August 29, 2023
To say the 2023 growing season has been a challenging one for farmers is an understatement. By the end of May, the entire state of Wisconsin and much of the Midwest was experiencing some form of drought. Due to limited feed supplies, managing feed and cattle inventories this fall will require plenty of planning, according to Jerry Clark, University of Wisconsin Extension crops and soils agent for Dunn, Chippewa and Eau Claire counties.
Hay stocks are in decline going into fall, and forage prices are starting to rise, Clark said during a recent PDPW Dairy Signal webinar.
“That’s always an issue in a drought,” he explained. “There is going to be a decision that has to be made — are we going to buy feed or are we going to get rid of some cattle?”
Clark said dairy and beef farmers across much of the Midwest are wrestling with this issue. Some areas of Wisconsin were hit harder than others by the drought, he said.
“Dane County and other areas of southern Wisconsin experienced severe drought,” he said. “But rain has been so scattered this year. In most cases, the neighbor got rain and you didn’t. We are seeing several areas get more moisture now.”
Clark said it surprises him that 70% to 80% of the corn in Wisconsin is being reported in the good to fair range.
“We’re not seeing a lot of excellent corn, but you wouldn’t expect that in a drought,” he said. “That kind of gives us a bit of hope that maybe the corn crop isn’t as bad as we think it is. At least most of the corn isn’t in the poor to very poor range.”
Cover crops competed with corn for moisture.
“Where there were no cover crops planted, it looks like the crops are doing better,” he said. “We’ll see this fall if cover crops negatively impacted corn yields or not.”
Other corn issues
Other issues facing this year’s corn crop include increased weeds, variable emergence and nitrogen deficiency, according to Clark.
“There may be more weeds out there because there was no rain to activate those preemergence herbicides. Herbicide performance is an issue,” he said. “And variable corn emergence. It’s pretty common to find five stages of corn growth in the same field depending on whether there is a knoll, a low spot and a graveled knoll. It’s hard to find a uniform field in Wisconsin because it is all over the board.”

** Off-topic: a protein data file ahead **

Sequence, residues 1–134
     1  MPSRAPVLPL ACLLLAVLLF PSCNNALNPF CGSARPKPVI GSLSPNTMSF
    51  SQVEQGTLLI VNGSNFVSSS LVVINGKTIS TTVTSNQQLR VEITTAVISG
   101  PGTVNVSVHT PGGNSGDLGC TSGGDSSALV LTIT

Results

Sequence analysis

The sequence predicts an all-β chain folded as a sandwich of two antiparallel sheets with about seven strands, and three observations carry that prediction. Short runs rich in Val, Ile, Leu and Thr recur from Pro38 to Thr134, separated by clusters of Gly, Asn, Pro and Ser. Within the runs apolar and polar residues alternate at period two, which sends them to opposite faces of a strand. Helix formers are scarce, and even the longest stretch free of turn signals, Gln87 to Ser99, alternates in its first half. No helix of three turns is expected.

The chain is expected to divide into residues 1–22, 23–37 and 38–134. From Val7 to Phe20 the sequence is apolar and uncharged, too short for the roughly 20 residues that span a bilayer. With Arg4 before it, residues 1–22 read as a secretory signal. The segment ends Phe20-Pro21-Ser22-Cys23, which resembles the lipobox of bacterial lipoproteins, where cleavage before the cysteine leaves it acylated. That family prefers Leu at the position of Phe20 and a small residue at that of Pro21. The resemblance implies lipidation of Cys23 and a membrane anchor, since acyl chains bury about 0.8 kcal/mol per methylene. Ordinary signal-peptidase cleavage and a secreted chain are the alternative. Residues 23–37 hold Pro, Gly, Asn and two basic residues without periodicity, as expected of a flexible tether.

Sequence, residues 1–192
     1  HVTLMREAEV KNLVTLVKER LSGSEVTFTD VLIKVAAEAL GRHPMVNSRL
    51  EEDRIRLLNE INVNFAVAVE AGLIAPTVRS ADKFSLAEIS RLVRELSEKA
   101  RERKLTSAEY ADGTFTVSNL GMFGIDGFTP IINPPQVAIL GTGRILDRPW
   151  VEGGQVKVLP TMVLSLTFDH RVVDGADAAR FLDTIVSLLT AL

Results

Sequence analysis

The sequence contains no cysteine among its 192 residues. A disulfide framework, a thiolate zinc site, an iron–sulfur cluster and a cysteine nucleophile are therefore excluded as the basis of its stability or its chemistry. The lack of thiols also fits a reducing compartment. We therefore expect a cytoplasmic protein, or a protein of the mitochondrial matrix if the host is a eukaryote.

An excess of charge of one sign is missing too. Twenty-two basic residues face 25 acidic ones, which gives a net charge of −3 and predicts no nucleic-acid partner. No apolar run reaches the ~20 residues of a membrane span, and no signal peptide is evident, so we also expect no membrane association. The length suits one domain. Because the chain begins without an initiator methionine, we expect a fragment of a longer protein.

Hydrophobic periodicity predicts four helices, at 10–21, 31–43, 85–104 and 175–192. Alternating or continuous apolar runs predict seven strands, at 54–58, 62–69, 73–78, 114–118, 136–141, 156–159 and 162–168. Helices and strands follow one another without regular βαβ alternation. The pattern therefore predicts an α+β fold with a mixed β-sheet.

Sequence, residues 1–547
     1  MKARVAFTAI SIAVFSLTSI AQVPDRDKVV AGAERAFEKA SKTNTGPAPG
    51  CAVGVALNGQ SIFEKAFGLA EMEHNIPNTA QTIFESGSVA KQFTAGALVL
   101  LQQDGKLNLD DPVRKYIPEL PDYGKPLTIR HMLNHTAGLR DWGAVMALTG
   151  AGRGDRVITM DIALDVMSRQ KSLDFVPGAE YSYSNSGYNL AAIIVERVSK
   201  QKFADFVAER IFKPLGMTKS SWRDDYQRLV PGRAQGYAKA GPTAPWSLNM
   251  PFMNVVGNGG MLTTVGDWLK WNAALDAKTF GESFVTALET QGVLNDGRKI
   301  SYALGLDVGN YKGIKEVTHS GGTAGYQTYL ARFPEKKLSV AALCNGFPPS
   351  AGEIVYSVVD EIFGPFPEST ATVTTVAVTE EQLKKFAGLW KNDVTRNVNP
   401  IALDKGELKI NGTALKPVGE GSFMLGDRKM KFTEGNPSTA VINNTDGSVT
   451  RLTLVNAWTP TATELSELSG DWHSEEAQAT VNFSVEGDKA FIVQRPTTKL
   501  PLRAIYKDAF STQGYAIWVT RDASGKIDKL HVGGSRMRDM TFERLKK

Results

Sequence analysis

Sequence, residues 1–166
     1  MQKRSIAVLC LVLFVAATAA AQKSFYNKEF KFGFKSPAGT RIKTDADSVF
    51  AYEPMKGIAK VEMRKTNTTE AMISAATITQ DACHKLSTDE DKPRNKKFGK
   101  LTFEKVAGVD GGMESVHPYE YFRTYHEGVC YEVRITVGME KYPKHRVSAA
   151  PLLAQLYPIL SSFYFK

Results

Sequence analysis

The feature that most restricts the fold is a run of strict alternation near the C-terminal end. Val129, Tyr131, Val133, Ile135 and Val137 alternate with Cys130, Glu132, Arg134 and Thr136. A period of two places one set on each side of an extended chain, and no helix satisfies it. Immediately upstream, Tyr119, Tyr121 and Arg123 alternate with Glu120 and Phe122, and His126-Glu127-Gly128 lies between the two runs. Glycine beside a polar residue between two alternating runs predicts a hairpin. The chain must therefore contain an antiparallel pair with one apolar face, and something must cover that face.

Clark said he has also seen nitrogen deficiency in a lot of corn, explaining, “You need water for nitrogen uptake, and we didn’t have a lot of rain.”
The other problem Clark said he is seeing with corn is reduced height.
“That’s going to impact corn silage yield, but how about the grain-to-stover ratio? Corn silage typically is about 50-50 corn versus dry matter,” he said. “This year, it could be 40% to 55% grain and 45% to 60% dry matter.”
Due to the lack of rain, Clark said nitrate levels in corn could be higher, but ensiling reduces nitrates by 50%.
He said some farmers reported better second-crop alfalfa yields than first crop, and others reported better third-crop yields than second-crop yields.
“It’s really been sporadic,” Clark said. “Each individual farmer is wrestling with their own inventory issues. Alfalfa overall is OK. It’s definitely not a bumper crop, but most of it is fair to good.”
Clark said dairy and livestock farmers need to complete a feed inventory of:
current stocks of various feed ingredients
current animal numbers and size
future animal numbers and size
“Start doing an inventory of what feed you have on hand,” he said. “A big question is, are we going to take an alfalfa cutting in the fall?”
Some tough questions to answer include:
Will some animals need to be sold?
How long will my feed last?
Will feed need to be purchased?
“Extension does have a feed inventory tool,” Clark said.
The tool has different calculators for storage structures, including ag bags, bunker silos, silage piles and tower silos, and a forage need calculator that allows you to put in how many cows and heifers you have and how big they are.
Clark said once you know how many animals you have and how much feed you have, the calculators can help you figure out if you are going to need to sell some animals and how much feed you will need to buy.
He invites anyone who has questions to call him at 715-726-7950 or email him at [email protected].
Read more about:Drought
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